Saturday, 13 September 2014

Missing (Chapter-1)

This is the first part of the latest short story that I am writing in collaboration with some very talented writers on Blogadda. Our team is 'Tete-a-ten'.

Class IV-B
Radcliffe School
Juhu Vile Parle Scheme, Mumbai
14:30 hours - 16:30 hours

She chewed the pink bubblegum for five full minutes as she watched the dark plaits of the girl who sat in front of her. When the taste of raspberry turned bland, she stopped chewing, and used her fingers to stretch the pink sticky mass into a string. She glanced at her bench-partner and threw him a warning look with her large, round eyes. Then she deftly wrapped her pink chewy waste around one of the plaits she had been eyeing closely. Roohi Dutta smiled mischievously, only to herself.

Right then, the last bell for the day rang in Roohi's ears. She excitedly unzipped her schoolbag in preparation to leave her yellow-walled classroom after another boring school-day which had begun with Math and was now ending with Science.

"Class 4-B! Who asked you to close your notebooks? I haven't finished giving homework!" The Science teacher admonished the students, using her red marker pen as a baton. She then faced the whiteboard and penned four questions on 'Deficiency Diseases' and underlined Vitamin-C.

Roohi Dutta stuck her tongue out and distorted her fair, cherubic cheeks to mock at her strict teacher when she wasn't looking. Clad in starched cotton sarees, the B.Ed in Biology scolded whichever class she taught. Roohi dragged the blunt HB pencil across her single lined notebook with one hand as she twirled one of her ponytails with the other. She did not look up until the teacher had left the class. "Thank you, ma'am", the class stood and sang together in gratitude.

"Hey, Roohi? Wanna see my new roller skates? Daddy got those from Zurich last night." Little Soumyajit, Roohi's benchmate, was a jovial boy.

"Nah! I'm going to Myra's birthday party in the evening. Need to go home now." Roohi fastened the clasp of her orange backpack and flipped it over her back, careful not to get her ponytails stuck in  the shoulder-straps. "Bye!" She waved her pudgy hand at Soumyajit and gave him a toothy smile.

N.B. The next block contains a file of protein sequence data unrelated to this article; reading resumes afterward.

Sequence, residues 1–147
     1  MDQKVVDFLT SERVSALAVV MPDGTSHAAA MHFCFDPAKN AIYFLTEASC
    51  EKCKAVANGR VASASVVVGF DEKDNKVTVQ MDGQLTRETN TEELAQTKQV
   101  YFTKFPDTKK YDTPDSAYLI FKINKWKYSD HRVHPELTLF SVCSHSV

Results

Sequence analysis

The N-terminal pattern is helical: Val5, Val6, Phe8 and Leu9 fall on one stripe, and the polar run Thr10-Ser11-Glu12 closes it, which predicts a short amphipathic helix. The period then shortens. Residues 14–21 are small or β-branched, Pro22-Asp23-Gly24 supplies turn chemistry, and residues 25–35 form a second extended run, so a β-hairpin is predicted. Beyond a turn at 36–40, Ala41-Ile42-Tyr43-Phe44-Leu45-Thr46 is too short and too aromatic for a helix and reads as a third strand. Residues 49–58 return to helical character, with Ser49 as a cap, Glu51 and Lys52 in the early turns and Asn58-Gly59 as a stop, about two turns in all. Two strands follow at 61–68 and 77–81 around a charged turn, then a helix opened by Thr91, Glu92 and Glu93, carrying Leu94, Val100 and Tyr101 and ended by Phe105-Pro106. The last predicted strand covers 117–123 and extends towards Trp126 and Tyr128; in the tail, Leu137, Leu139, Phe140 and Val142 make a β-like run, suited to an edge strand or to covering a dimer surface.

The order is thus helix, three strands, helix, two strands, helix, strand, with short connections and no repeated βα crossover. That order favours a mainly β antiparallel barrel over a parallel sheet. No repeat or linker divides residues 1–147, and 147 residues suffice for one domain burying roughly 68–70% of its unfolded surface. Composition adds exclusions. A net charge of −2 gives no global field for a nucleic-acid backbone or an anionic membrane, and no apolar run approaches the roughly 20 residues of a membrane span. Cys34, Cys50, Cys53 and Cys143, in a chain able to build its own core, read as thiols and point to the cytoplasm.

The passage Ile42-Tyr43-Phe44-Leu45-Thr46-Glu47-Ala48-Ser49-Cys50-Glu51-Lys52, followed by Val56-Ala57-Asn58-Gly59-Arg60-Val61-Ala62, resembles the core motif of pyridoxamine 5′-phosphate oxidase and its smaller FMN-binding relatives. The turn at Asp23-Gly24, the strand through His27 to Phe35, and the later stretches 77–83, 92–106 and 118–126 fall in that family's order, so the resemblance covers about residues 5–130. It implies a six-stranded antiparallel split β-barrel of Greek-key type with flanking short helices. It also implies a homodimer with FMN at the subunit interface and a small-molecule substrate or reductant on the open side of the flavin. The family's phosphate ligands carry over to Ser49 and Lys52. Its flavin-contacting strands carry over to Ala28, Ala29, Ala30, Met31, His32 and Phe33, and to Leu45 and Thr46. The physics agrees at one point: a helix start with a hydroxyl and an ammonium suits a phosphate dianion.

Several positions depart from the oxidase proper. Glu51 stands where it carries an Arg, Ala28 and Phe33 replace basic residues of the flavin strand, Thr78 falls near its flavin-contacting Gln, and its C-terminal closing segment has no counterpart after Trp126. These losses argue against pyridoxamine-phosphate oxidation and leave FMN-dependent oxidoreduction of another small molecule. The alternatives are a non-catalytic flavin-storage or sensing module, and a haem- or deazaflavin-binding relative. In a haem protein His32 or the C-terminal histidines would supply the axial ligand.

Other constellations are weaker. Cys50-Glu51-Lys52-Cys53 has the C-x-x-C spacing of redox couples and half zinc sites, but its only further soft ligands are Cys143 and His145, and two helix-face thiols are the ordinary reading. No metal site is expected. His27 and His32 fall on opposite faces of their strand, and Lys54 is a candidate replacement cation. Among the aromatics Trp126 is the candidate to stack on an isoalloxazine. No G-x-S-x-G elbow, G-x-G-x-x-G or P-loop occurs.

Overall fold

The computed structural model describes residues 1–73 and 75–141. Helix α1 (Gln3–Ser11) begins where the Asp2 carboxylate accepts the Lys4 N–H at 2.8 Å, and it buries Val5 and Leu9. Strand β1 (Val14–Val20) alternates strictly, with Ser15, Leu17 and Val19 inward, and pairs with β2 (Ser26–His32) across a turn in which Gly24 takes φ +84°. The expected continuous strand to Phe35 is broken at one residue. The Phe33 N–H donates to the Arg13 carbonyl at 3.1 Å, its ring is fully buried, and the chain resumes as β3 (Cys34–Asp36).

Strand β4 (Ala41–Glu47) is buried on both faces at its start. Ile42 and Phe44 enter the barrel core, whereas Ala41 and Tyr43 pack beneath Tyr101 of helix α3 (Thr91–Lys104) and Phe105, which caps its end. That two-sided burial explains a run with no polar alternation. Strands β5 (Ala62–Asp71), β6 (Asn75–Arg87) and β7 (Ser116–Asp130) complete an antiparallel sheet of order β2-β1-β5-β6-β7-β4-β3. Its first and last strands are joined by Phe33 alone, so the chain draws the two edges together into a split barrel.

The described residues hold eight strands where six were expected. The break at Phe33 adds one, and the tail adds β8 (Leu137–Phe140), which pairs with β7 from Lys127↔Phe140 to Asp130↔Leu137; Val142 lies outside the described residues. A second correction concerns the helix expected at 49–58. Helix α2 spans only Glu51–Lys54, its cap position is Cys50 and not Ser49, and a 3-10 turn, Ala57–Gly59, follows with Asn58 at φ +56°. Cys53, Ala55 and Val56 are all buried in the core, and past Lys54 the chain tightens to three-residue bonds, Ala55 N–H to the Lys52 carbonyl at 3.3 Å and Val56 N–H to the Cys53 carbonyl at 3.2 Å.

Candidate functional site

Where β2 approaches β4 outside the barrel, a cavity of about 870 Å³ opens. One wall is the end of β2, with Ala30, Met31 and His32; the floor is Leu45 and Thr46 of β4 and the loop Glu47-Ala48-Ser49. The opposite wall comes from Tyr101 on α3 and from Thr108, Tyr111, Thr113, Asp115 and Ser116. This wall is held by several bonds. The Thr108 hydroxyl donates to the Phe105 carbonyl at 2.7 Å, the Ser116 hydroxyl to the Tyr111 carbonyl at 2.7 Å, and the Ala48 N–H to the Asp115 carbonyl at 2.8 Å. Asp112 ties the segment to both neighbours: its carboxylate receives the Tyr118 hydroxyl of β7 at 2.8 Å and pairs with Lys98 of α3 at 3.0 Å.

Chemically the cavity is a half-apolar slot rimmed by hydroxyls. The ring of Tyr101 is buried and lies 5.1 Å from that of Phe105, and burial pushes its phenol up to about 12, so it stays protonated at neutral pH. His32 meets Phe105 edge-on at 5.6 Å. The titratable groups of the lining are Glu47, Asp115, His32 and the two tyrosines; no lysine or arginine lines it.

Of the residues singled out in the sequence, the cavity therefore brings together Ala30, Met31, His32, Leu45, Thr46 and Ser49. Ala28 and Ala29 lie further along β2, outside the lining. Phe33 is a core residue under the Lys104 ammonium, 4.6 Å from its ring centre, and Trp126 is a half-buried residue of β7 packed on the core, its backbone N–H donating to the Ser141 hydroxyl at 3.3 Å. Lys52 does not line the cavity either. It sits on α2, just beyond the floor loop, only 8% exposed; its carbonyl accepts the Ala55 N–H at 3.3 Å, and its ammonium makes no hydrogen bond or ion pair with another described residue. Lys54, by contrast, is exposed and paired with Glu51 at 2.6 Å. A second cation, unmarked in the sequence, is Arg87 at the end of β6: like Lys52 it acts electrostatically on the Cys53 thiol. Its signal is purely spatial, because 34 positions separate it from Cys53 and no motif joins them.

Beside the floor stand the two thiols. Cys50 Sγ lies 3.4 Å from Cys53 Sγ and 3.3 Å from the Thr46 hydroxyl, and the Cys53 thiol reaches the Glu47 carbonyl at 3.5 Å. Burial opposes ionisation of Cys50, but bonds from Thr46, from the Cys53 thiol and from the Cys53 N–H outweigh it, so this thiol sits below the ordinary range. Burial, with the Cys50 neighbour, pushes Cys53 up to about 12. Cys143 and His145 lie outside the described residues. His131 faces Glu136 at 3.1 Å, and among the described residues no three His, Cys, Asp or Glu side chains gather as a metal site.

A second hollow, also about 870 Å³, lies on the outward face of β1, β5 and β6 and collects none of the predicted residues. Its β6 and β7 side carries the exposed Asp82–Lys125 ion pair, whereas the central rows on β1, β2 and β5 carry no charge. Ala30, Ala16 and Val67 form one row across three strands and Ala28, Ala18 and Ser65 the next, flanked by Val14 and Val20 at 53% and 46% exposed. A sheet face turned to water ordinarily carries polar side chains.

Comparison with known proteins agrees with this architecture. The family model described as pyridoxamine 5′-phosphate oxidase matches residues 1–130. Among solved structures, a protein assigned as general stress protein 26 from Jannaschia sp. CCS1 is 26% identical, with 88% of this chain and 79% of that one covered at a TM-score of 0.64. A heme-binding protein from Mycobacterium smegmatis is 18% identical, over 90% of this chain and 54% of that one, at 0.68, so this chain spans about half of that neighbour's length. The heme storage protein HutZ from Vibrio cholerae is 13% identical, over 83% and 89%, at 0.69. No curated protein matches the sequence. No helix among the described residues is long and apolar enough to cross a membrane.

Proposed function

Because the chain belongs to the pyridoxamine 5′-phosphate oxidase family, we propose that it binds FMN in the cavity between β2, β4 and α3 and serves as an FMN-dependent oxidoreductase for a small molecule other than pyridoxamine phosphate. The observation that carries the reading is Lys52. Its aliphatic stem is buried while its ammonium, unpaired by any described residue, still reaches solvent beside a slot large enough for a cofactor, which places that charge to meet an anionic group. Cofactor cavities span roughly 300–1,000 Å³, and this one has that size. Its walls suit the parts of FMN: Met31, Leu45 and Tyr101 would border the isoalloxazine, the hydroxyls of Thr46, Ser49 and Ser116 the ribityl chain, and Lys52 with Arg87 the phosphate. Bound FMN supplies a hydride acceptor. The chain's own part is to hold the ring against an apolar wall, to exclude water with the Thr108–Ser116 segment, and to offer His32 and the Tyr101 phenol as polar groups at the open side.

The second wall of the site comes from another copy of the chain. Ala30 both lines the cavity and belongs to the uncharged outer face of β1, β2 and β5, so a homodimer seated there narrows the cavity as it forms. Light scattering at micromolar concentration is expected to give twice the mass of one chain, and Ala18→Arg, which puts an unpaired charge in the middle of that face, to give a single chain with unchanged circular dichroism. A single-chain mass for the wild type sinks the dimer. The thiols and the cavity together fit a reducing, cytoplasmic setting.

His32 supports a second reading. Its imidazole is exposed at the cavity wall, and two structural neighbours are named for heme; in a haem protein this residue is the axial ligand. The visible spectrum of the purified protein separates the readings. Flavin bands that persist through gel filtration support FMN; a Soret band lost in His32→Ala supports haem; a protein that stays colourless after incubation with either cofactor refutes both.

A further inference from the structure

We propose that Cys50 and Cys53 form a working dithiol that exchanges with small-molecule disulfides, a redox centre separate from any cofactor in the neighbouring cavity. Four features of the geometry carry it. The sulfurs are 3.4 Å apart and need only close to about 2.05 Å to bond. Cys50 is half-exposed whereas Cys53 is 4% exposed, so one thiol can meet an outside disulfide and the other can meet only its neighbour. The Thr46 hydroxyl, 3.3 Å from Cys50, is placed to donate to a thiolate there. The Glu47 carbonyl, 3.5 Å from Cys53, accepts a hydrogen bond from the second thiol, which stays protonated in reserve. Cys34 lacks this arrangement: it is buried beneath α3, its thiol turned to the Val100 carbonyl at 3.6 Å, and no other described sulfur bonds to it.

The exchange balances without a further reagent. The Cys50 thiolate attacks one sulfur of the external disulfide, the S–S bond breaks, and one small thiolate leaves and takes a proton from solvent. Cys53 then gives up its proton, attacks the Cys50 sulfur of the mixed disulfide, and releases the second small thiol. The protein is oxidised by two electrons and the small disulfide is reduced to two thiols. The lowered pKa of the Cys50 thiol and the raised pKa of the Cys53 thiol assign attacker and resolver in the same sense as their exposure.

*  *  *

Forty minutes from the school, a cellphone vibrated on a Rexine sofa. Shekhar Dutta lifted his round, bespectacled eyes from his laptop and frowned at the name that flashed on his phone-screen. He disliked being disturbed when he was writing articles, not that there were too many to write these days. Freelancing wasn't a bed of roses as he dreamed it to be.

"Yes, Tara", a deep baritone answered the phone with a forced smile.

"Shekhar, has Roohi finished her lunch?" Tara asked curtly.

"I think she finished the teacher's as well!” Shekhar chuckled. “Weren't you supposed to pick her up and buy a gift for Myra? Roohi's attending her birthday party today, remember?" He straightened his tee and dusted a biscuit crumb off his blue track pants.

"No, Shekhar! Don't you ever check my messages? I have a client presentation in a couple of hours." Tara's sharp voice rose.

Shekhar sat up in his sofa. "What! You didn’t go?”

“How callous can you get, Shekhar? I am fed up of your constant indifference!”

“Don't be so generous with your praise, your Highness.” He smoothened his French beard.

“Shekhar, this is no time to be sarcastic. Can you go to the school now?” Shekhar sensed a tone of desperation in Tara’s plea.

The phone had disconnected in just forty five seconds. For a moment, Shekhar reminisced how those hour-long calls weren't enough many moons ago. Had twelve years of school, three years of college and fourteen years of married life taken away fifty nine minutes of talk-time? Shekhar shook his head and left for Roohi's school immediately.

*  *  *

"This is absolutely unacceptable!" Shekhar thundered as he banged his fist on the Principal's desk. "How can your school let my daughter walk away without a chaperone?"

“Sir, please calm down. We have five hundred students in the school and Radcliffe has an impeccable safety record. We will find your daughter.” The Principal reassured the light-skinned, lanky man sitting across his desk.

The school had finished at two thirty and it had been two hours since. The reality gradually dawned on Shekhar as he slumped in the chair at the Principal's office with his bald head in his hands.

His mobile had five missed calls now and it was ringing for the sixth time. This time, Shekhar decided to answer, “Tara, Roohi is missing.”

*  *  *

Read Chapter-2 here.

My team and I are participating in ‘Game Of Blogs’ at #CelebrateBlogging with us!


Let me hear your thoughts!